Motorcycle: Live Ride - Bad Boys
Date: Sunday, October 31 @ 14:23:48 UTC
Topic: Motorcycle, Motorcycles, Motor Cycle
Mention Harley-Davidson to anyone in the street and they'll probably mutter back something about "Hell's Angels". The original Angels were a California bike gang of Second World War veterans sensationalized by magazines such as Life and author Hunter S. Thompson in his book The Hell's Angels: A Strange and Terrible Saga of the Outlaw Motor Cycle Gangs. Almost overnight, the Angels became a role model for "outlaw" groups across the globe.
According to many observers, such groups revelled in their new-found celebrity status and, in living up to their reputation, became even more shocking and antisocial than before. Inevitably, bikers in general and Harley-Davidson riders in particular were tarred with the same unsavoury brush. Some stereotypes persist, but the bad old days of negative biker images have largely passed. In the United States, Harley owners have been growing older, wealthier and better educated. In 1984, the average age of a Harley buyer was 34; today it is almost 40, around one third of whom enjoyed a college education. Indeed, the modern stereotype is more of the well-off professional cruising any city's more fashionable streets rather than the grime-ridden outlaw of the past.
These days Harleys are the weekend wheels of lawyers, mayors and bankers: respectability, with an edge. This is all in motorcycle manufacturers' interests, for minority groups, apart from tarring the rest, inevitably buy in minority numbers. One of the secondary purposes of HOG - the factory-sponsored Harley Owners' Group - was to broaden both the marque's appeal and its respectability, a service from which all bike producers benefit.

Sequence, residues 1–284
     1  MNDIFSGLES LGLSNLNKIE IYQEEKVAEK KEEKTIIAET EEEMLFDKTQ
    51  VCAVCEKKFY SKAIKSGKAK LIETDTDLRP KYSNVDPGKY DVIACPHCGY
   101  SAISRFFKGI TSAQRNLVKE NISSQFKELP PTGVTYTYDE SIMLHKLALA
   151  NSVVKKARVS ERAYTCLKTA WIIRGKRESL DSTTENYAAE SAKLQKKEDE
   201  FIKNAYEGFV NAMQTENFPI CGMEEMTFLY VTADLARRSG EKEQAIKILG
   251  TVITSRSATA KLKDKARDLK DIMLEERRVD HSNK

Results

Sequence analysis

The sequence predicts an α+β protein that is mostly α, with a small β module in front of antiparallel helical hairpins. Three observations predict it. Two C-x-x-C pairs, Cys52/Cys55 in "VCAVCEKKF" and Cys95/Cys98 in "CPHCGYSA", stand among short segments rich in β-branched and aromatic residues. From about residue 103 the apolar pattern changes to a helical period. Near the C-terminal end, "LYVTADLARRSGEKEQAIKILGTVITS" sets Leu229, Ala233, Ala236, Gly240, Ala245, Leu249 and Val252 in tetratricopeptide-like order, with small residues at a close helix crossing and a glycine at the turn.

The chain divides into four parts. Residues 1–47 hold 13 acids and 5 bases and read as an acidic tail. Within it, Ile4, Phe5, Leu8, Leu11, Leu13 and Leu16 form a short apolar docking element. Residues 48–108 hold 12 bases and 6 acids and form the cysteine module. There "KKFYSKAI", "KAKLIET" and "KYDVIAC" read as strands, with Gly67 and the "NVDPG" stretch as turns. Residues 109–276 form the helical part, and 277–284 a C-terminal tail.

Hell's Angels and other so-called "outlaw" groups survive, and occasionally their activities hit the headlines. Perhaps the most notorious was a wave of knifings, bombings and shootings between rival Canadian gangs in the early 1990s, which left around 40 dead yet only attracted serious police attention when an innocent bystander became a victim. In the late 1970s, Australia was the scene of a shoot-out in a supermarket parking lot between rival gangs. More recently, Denmark witnessed a spate of murders and even anti-tank missile attacks arising from a long-standing feud between the Angels and Bandidos for control of drugs interests. Crime — particularly the sale of stolen goods — and later the manufacture and dealing of hard drugs has long been a source of income for some outlaw bands which, in Europe in particular, are also associated with neo-Nazi activities. Even the FBI has shown an avid interest in them and certainly not because the G-men have an innate love of motorcycling. These self-styled "One Percenters" mostly exist on the fringes of Harley-Davidson culture and of motorcycling in general. Ironically, much of HOG's paraphernalia — its insignia, colours and organisation into "chapters" —echoes the ways of the outlaw gangs. Beards, badges and leather are part of many everyday Harley riders' uniforms but the trappings don't always say much about the person underneath. Sometimes the individual in the street must be hard-pressed to tell the difference. Perhaps Milwaukee likes it that way.
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